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Las Vegas Comedian James Bean Releases Candid Account Of His Struggle With Suicide In When The Humor Is Gone

Written by Featured Organization on Monday, 07 July 2014 17:19.

“James Bean has shown insight and understanding of the darkest moments of many people’s lives as well as ideas on how one could begin to create a life worth living even out of the depths of despair.” -– Rhonda Duncombe, LMFT, LADC -- Las Vegas, NV (BlackNews.com) -- In WHEN THE HUMOR IS GONE (Archway Publishing, $30.99), comedian Las Vegas James Bean reveals his struggle with depression, which led him to the brink of suicide; and, how life-changing revelations, as he was about to take razor blades to his wrists, allowed him to begin to fight his way back. In a frank and life-affirming narrative of his journey, Bean offers a personal account of how he went about getting therapy, obtaining family support, and finding purpose and meaning in the world.

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Tips for Managing Stress in Your Life

Written by State Point on Monday, 30 June 2014 18:08.

Stress is not only unpleasant; it can be overwhelming, ultimately preventing you from solving the problems that caused the stress in the first place. But getting focused can help you feel happier and be more successful professionally, financially and in your relationships, say experts. “Rather than living with fear or regret, you can turn your life’s most difficult challenges into the best thing that has ever happened to you,” says Master DDnard, self-help guru and author of the new book, “The Compass of Now,” a guide for taking control of one’s life, which is already a best-seller in Thailand.

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Cynical? You May Be Hurting Your Brain Health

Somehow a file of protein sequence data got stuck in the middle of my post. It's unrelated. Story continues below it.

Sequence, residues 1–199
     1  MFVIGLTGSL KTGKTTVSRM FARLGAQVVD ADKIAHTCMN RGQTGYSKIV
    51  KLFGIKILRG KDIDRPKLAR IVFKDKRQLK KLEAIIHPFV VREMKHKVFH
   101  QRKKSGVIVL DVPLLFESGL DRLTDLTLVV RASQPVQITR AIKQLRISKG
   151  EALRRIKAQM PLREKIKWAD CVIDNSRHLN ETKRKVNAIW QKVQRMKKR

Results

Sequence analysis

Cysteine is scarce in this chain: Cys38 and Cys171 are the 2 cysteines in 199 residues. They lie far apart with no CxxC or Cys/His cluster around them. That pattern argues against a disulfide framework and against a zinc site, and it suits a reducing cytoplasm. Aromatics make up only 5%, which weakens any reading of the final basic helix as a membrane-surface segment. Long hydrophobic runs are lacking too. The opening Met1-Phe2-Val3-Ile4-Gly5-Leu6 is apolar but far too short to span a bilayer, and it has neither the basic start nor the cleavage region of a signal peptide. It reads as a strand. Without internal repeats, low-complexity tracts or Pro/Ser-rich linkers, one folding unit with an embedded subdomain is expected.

Written by Rev. Manson B. Johnson Special from the Houston Forward Times on Tuesday, 27 May 2014 14:00.

MINNEAPOLIS – People with high levels of cynical distrust may be more likely to develop dementia, according to a study published in the May 28, 2014, online issue of Neurology®, the medical journal of the American Academy of Neurology. Cynical distrust, which is defined as the belief that others are mainly motivated by selfish concerns, has been associated with other health problems, such as heart disease. This is the first study to look at the relationship between cynicism and dementia.

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WH FACT SHEET: Marking the Administration's Progress on Mental Health

Written by Featured Organization on Tuesday, 06 May 2014 10:46.

On Monday, May 5, Vice President Biden is delivering remarks to the American Psychiatric Association’s Annual Meeting in order to highlight the actions the Administration has taken to break down the barriers preventing people from getting help for mental illnesses. Nearly one in five American adults experience a mental illness in any given year.  Less than half received mental health services. And only about half of children with mental problems receive treatment. The top three reasons given for not receiving help are cost, belief they could handle the problem without treatment, and that they did not know where to go for services.

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Lied-to Children More Likely to Cheat and Lie

Written by Featured Organization on Tuesday, 01 April 2014 14:02.

Lied-to Children More Likely to Cheat and Lie John Travis Holt People lie – we know this. People lie to kids – we know this, too. But what happens next? Do children who’ve been lied to lie more themselves? Surprisingly, the question had not been asked experimentally until Chelsea Hays, then an undergraduate student in psychology at the University of California, San Diego, approached professor Leslie Carver with it. Now the pair have a paper out in Developmental Science, suggesting that adult dishonesty does make a difference, and not in a good way. “As far as we know,” said Carver, associate professor of psychology and human development in the UC San Diego Division of Social Sciences. “This is the first experiment confirming what we might have suspected: Lying by an adult affects a child’s honesty.”
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Unconscious Mind Can Detect a Liar When Conscious Mind Fails

Written by Featured Organization on Tuesday, 01 April 2014 13:52.

TRAVIS HOLT editor Unconscious Mind Can Detect a Liar When it comes to detecting deceit, your unconscious instincts may be more accurate than conscious thought when making judgments about others, according to research by Leanne ten Brinke, a postdoctoral fellow at the University of California, Berkeley’s Haas School of Business. In the paper, “Some Evidence for Unconscious Lie Detection,” published in Psychological Science (online March 21, 2014), the authors find that conscious awareness may hinder our ability to detect whether someone is lying, perhaps because we tend to seek out behaviors that are supposedly stereotypical of liars, like averted eyes or fidgeting. But those behaviors are not indicative of an untruthful person.